In the UK in the 1980’s there was also a revolution in banking de-regulation. Instigated by the government under Margaret Thatcher, in 1986, there were far reaching changes in the banking sector that had come into force to allow the City of London banks to compete with foreign banks that were making more profits because they had less regulations. Because it was felt that the City was falling behind New York as a centre of finance, de-regulation was seen as an excellent way to strengthen the City of London as a financial capital. These banking reforms became known as the Big Bang, and not long after, the financial crisis comes to the UK.
Cashfloat, a responsible short term loan lender, explores how the banking reforms REALLY affected the UK’s economy.br>
The financial system delivered three services. These were payments, conciliation between investors and savers and risk insurance. The reforms that were passed were designed to get rid of anti-competitive practices that prevented London from doing business on the same footing as its US rival banks. One of the reforms was the removal of fixed minimum commissions and another allowed brokers to trade on their own account as well as for customers. Banks started to make inroads into new activities and to cross sell products such as insurances and pensions alongside mortgages and bankers began to encourage customers to take on riskier investments that were associated with the stock market and the money markets.
At that same time, the Financial Services Authority was set up to oversee the new set up in banks but what no one could have foreseen was that it needed to look at how risks were spread over the whole banking system and not just at the way individual financial organisations were operating. These shortfalls in regulation practices came back to haunt the government once the enormity of the financial crisis became clear. Banks had got large and had reached a point where they were too important to fail but that is precisely what they came perilously close to doing.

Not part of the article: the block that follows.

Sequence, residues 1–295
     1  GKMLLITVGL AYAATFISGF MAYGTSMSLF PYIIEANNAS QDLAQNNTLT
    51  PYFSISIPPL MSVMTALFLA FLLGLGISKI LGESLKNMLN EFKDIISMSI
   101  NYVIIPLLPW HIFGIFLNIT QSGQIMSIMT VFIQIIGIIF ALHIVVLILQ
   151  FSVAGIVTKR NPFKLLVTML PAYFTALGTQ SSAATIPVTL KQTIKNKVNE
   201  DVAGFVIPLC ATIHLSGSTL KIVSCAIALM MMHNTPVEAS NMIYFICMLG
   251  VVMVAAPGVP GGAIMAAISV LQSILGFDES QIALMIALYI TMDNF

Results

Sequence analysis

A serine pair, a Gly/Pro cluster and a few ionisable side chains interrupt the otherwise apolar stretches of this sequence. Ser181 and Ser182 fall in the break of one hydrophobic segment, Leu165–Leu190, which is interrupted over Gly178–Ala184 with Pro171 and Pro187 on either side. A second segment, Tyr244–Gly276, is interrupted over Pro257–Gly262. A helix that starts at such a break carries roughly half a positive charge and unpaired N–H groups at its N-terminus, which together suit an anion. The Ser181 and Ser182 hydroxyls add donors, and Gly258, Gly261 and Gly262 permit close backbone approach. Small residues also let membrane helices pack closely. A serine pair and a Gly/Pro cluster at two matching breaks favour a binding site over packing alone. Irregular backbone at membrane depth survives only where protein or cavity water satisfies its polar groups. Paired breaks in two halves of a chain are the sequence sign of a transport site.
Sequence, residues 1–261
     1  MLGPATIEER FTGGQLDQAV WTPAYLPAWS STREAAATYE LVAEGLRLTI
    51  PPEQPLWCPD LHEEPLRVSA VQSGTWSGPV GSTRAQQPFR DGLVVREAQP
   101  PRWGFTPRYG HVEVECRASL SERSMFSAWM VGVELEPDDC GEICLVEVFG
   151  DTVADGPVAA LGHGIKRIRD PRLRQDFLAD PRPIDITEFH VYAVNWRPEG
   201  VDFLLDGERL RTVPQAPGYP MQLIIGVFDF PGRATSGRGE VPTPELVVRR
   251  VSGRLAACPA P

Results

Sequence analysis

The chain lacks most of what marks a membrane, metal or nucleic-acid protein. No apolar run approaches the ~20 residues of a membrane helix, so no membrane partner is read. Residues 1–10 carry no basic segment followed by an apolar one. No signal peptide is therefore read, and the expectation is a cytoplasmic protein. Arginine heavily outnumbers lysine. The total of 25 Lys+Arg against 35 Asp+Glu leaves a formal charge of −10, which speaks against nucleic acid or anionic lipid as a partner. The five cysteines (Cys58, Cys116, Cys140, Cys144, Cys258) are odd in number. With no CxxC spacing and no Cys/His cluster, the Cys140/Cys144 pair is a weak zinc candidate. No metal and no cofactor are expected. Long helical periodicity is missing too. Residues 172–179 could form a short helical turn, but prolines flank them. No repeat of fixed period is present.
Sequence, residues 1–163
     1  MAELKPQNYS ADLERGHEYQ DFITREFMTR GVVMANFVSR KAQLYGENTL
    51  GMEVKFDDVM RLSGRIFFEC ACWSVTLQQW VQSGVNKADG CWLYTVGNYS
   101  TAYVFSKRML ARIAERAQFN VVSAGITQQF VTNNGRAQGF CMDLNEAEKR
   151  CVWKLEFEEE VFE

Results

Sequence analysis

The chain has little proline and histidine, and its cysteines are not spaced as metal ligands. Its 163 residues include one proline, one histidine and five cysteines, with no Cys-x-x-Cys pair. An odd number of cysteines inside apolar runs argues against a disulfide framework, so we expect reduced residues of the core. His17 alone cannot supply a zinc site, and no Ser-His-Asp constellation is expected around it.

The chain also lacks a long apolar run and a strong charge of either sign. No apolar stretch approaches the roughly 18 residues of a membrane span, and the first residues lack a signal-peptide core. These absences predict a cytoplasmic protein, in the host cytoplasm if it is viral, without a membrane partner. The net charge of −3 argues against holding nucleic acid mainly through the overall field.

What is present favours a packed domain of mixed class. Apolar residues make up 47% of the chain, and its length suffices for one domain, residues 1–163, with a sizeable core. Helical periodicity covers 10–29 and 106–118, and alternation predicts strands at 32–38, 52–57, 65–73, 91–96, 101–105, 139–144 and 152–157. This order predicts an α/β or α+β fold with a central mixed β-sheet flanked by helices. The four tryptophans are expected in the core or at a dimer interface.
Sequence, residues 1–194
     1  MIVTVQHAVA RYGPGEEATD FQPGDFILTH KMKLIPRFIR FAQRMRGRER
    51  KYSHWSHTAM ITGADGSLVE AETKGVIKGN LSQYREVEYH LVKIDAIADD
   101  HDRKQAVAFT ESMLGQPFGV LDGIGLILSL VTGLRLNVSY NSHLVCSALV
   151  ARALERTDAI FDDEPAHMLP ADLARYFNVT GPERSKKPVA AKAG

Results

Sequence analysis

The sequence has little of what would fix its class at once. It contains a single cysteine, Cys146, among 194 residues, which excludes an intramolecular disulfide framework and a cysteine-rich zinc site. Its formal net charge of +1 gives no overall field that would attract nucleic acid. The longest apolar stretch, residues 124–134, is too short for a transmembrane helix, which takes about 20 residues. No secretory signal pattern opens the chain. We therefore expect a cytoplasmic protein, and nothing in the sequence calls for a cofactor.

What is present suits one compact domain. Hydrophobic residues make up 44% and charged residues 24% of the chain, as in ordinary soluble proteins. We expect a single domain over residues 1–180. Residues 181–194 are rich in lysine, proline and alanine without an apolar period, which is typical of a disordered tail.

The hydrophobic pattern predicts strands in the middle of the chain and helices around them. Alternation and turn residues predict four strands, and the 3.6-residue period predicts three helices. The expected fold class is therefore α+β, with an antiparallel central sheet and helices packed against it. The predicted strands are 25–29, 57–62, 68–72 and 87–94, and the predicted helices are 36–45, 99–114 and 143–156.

In the UK, the banking industry began to experience huge changes with everyone out to make the largest possible profits. During the 1990’s there followed a series of takeovers of local building societies by the big banks. Almost every week another building society became swallowed up by another of the big banks which had executives who were delighted to extend their portfolio of mortgages. This evolved into a situation where the banks became the main lenders when it came to both small and large domestic mortgages. But, they also expanded into selling investment type savings products, house and health insurance, PPI and pensions. The big banks in the UK became a one stop shop for every kind of financial product and they were all vying for the most sales and the biggest profits.
Some British banks saw that there were huge profits to be made from buying subprime mortgages from overseas and this is where the system was eventually ‘holed beneath the waterline’. What was unknown to bank shareholders and customers alike was that there was a rash of subprime debt bought and sold from one bank to another as this was seen as a very simple way to increase profits. Called a ‘risk and reward’ policy, subprime mortgage debt from the US had been sold to banks all over the world including the UK.
The bank HBOS was a new kid on the block that was determined to beat all the other large banks in the UK. It purchased unstable companies like Equitable Life, which no other bank would touch. Marketed as ‘the new force in banking’ the executives at HBOS had a policy that was reckless and depended on short term profits with large bonuses for executives. At one point, selling three times as many mortgages as its nearest rival, HBOS was also allowing customers to borrow up to six times their annual salary.
Even though the FSA had warned HBOS executives that its policies were ‘an accident waiting to happen’ with the speed of growth vastly outpacing risk compliance, the bank continued its seemingly nonstop upward trajectory as it tried to outdo the more established four UK big banks. In early 2007, there began to be serious concerns about the way that HBOS was operating even though it was clocking up large profits.